Iceland has a broad range of accommodation, but demand often outstrips supply. If you're visiting in the shoulder and high seasons (from May to September), book early.

  • Campgrounds No requirement to book, so camping allows some degree of spontaneity – but also exposure to the elements. Campervans are very popular.
  • Hostels Popular budget options, spread across the country.
  • Guesthouses Run the gamut from homestyle B&Bs to large hotel-like properties.
  • Hotels From small, bland and business-like to designer dens with all the trimmings (and prices to match).
  • Mountain huts A basic option for hikers and explorers, but book ahead.

The Lowdown on Iceland Accommodation

Iceland's accommodation ranges from basic hikers' huts to business-standard hotels, hostels, working farms, guesthouses, apartments, cottages and school-based summer rooms. Luxury and boutique hotels are predominantly found in Reykjavík and tourism hot spots in the southwest, with a select few in regional pockets.

There's been a boom of new hotels and guesthouses, and many existing options have expanded and upgraded to cater to the rapid increase in visitor numbers. Even still, demand often outstrips supply in popular tourist centres (eg Reykjavík, the south and Mývatn). Summer prices are high, and getting higher with increasing demand.

For the cost, accommodation is often of a lower standard than you might expect from a developed European destination, though that is changing in newer hotel construction. In older places, rooms are generally spotless but they are usually small, with thin walls and limited facilities.

Please note the following:

  • Between June and August travellers are recommended to book all accommodation in advance (note there is no need to prebook campsites). May and September are following this trend. Reykjavík is busy year-round.
  • Tourist information centres and the regions' official tourism websites generally have details of all the accommodation in their town/area. Larger centres might have a booking service, where they will book accommodation for a small fee (usually around 700kr). Note, this service is for walk-in visitors, not for prebooking via email. And don't rely on it – areas can and do book out quickly, or you may find the nearest available room is miles from your intended stop.
  • The best rate can often be found by contacting the property directly. Some properties don't have their own websites, however, preferring all bookings via third-party websites. These properties may also have a Facebook page – it's worth checking.
  • Prices for summer 2018 are generally listed in reviews. Travellers must expect that prices will rise from year to year. Websites list up-to-date prices.
  • From September to May, most guesthouses and hotels offer discounts of 10% to 50% on their summer prices. Check websites.
  • Some hotels and guesthouses close during winter; where this is the case, opening times are given in reviews. Many hotels and guesthouses close over the Christmas–New Year period, though that is a second high-season in Reykjavík, with most hotels open there. If no opening times are given, accommodation is open year-round.
  • Some accommodations list prices in euro, to ward against currency fluctuations, but payment is made in Icelandic krónur (kr).
  • Guesthouses and farmstays can offer numerous options, eg camping; rooms with/without bathrooms, with made-up beds or sleeping bags; cottages with/without kitchen and/or bathroom. Check websites for full coverage.
  • Reviews indicate whether a private bathroom is offered; whether linen is included or if there is a sleeping-bag option; and if breakfast is included in the price.

Camping

Tjaldsvæði (organised campsites) are found in almost every town, at some rural farmhouses and along major hiking trails. The best sites have washing machines, cooking facilities and hot showers, but others just have a cold-water tap and a toilet block. Some are attached to the local sundlaug (swimming pool), with shower facilities provided by the pool for a small fee.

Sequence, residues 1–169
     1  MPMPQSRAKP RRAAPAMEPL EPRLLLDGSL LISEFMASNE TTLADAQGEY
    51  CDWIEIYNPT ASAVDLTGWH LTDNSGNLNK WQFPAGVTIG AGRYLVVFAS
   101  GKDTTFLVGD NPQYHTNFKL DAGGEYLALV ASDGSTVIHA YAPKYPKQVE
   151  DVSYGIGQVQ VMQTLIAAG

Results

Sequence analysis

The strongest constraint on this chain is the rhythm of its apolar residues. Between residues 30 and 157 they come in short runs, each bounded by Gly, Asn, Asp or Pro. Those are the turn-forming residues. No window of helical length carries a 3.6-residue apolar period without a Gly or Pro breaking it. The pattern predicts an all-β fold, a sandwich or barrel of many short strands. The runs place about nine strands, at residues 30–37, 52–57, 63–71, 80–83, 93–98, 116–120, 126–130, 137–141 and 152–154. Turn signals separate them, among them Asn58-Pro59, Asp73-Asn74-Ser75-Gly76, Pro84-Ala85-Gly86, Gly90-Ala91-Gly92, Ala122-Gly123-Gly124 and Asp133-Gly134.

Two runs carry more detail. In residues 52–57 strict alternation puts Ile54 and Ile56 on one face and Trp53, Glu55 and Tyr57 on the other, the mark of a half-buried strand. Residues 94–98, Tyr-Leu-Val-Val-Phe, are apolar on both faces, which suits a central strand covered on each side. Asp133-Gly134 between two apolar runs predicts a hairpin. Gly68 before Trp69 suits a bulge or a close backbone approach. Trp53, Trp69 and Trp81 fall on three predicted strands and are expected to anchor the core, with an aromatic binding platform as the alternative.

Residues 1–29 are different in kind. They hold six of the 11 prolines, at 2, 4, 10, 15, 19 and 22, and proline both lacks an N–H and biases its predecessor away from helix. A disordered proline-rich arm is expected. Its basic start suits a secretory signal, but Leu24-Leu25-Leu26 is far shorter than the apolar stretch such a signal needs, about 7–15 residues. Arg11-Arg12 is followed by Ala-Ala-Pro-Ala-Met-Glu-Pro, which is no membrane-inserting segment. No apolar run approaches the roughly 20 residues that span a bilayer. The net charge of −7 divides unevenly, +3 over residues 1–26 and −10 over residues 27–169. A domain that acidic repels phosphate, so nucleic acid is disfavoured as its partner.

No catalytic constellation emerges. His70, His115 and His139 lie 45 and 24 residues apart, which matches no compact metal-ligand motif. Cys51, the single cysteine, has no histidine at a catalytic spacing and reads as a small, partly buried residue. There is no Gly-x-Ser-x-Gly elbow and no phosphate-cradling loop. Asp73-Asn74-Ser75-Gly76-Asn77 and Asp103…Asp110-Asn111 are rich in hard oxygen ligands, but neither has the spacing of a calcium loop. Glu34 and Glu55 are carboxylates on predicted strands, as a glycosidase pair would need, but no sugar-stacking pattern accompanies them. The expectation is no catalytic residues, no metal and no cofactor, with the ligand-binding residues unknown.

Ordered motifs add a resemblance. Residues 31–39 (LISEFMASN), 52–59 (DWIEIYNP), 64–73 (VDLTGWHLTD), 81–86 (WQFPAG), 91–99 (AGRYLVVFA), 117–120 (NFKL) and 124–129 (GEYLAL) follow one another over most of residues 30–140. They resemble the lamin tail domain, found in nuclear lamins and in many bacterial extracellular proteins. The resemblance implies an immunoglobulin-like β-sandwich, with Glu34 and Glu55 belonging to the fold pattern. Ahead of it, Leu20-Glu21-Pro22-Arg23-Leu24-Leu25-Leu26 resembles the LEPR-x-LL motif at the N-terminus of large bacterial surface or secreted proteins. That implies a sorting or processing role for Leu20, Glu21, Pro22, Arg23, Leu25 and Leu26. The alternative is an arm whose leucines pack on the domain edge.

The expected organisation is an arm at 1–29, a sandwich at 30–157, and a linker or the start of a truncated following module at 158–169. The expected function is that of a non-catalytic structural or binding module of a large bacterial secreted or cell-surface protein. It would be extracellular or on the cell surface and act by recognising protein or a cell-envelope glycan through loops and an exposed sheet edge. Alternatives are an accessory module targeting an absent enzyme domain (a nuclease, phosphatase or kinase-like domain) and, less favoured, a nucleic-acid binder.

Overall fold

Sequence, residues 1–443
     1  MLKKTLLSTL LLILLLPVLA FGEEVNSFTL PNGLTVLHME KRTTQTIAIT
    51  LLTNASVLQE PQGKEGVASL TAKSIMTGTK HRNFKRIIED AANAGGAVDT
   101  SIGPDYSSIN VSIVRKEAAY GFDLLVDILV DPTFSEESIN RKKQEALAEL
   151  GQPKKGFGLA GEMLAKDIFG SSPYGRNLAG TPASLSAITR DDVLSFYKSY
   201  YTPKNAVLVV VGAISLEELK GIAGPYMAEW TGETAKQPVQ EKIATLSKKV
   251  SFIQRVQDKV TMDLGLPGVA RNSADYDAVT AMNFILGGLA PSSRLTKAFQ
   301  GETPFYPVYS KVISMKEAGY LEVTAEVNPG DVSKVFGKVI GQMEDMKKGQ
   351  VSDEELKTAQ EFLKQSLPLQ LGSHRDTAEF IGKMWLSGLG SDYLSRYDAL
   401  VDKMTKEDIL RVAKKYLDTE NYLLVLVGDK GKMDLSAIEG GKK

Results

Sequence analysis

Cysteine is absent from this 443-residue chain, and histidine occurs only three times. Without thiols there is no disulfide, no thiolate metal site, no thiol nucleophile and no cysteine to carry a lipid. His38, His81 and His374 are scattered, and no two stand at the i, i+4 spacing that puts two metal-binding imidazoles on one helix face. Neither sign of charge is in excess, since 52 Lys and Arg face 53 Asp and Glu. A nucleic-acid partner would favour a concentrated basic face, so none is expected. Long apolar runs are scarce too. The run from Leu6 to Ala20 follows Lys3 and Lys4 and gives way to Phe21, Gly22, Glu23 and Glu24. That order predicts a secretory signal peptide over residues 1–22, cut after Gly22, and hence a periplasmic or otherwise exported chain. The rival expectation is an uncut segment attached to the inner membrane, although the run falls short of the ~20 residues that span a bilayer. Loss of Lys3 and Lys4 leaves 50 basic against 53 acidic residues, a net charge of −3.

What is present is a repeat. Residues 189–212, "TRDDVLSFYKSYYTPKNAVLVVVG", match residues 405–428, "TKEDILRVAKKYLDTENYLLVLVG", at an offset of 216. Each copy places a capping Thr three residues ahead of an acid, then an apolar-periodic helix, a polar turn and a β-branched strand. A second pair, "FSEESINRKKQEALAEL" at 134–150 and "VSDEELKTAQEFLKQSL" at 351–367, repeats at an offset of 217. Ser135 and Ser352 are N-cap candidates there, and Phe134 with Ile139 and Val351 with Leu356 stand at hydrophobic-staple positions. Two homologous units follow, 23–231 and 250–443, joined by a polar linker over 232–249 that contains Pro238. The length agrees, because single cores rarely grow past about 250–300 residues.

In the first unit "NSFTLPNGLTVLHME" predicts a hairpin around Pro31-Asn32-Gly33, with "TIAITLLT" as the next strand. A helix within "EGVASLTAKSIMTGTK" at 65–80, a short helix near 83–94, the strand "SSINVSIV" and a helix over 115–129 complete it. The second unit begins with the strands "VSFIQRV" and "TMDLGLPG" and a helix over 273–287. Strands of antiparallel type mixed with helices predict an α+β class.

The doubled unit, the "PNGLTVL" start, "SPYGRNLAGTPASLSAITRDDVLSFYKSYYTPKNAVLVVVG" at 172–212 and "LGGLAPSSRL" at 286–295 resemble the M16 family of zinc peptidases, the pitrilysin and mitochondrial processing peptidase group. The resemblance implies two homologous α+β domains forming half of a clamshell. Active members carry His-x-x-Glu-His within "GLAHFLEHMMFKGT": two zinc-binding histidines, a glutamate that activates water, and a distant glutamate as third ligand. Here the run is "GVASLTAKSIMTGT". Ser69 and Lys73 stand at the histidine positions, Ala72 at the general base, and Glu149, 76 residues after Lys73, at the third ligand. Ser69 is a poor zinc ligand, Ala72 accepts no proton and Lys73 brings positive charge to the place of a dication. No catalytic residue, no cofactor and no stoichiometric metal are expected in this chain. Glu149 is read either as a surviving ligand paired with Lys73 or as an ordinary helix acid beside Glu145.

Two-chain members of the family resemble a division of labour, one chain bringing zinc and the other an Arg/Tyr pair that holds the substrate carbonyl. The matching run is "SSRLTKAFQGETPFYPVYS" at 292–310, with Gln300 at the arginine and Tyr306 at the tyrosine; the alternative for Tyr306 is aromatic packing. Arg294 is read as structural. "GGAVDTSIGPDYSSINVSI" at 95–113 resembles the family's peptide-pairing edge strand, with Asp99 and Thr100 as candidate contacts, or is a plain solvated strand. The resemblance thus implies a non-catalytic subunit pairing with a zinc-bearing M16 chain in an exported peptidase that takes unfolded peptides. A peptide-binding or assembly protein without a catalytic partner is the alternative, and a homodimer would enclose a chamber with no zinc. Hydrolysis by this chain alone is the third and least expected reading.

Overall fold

Icelandic weather is notoriously fickle, and if you intend to camp it’s wise to invest in a good-quality tent. There are a few outfits in Reykjavík that offer rental of camping equipment, and some car-hire companies can also supply you with gear such as tents, sleeping mats and cooking equipment.

With the increase in visitors to Iceland, campgrounds are getting busier, and service blocks typically housing two toilets and one shower are totally insufficient for coping with the demand of dozens of campers. If the wait is long, consider heading to the local swimming pool and pay to use the amenities there.

It is rarely necessary (or possible) to book a camping spot in advance. Many small-town campsites are unstaffed – look for a contact number for the caretaker posted on the service block, or an instruction to head to the tourist information centre or swimming pool to pay; alternatively, a caretaker may visit the campsite in the evening to collect fees.

A few things to keep in mind:

  • When camping in parks and reserves the usual rules apply: leave sites as you find them; use biodegradable soaps; and carry out your rubbish.
  • Campfires are not allowed, so bring a stove. Butane cartridges and petroleum fuels are available in petrol stations. Blue Campingaz cartridges are not always readily available; the grey Coleman cartridges are more common.
  • Camping with a tent or campervan/caravan usually costs 1200kr to 1900kr per person. Electricity is often an additional 800kr. Many campsites charge for showers.
  • There's a ‘lodging tax’ of 333kr per site; some places absorb this cost in the per-person rate, others make you pay it in addition to the per-person rate.
  • Consider purchasing the good-value Camping Card (www.campingcard.is), which costs €149 and covers 28 nights of camping at 41 campsites throughout the country for two adults and up to four children from mid-May to mid-September. Note that the card doesn’t include the lodging tax, or any charges for electricity or showers. Full details online.
  • Most campsites open mid-May to mid-September. Large campsites that also offer huts or cottages may be open year-round. This is a fluid situation, as an increasing number of visitors are hiring campervans in the cooler months and looking to camp with facilities – ask at local tourist offices for info and advice.
  • If camping in summer, be aware that if the weather turns bad and you'd like to sleep with a roof over your head, you'll be extremely lucky to find last-minute availability in guesthouses or hostels.
  • Free accommodation directory Áning (available from tourist information centres) lists many of Iceland’s campsites, but is not exhaustive.

Camping Laws

New laws regarding camping were introduced in late 2015, primarily to curtail the boom in campervans and caravans pulling over on roadsides or in car parks for the night instead of at organised campgrounds. This habit is offensive to locals, and has resulted in a big increase in people using nature as their bathroom – not cool.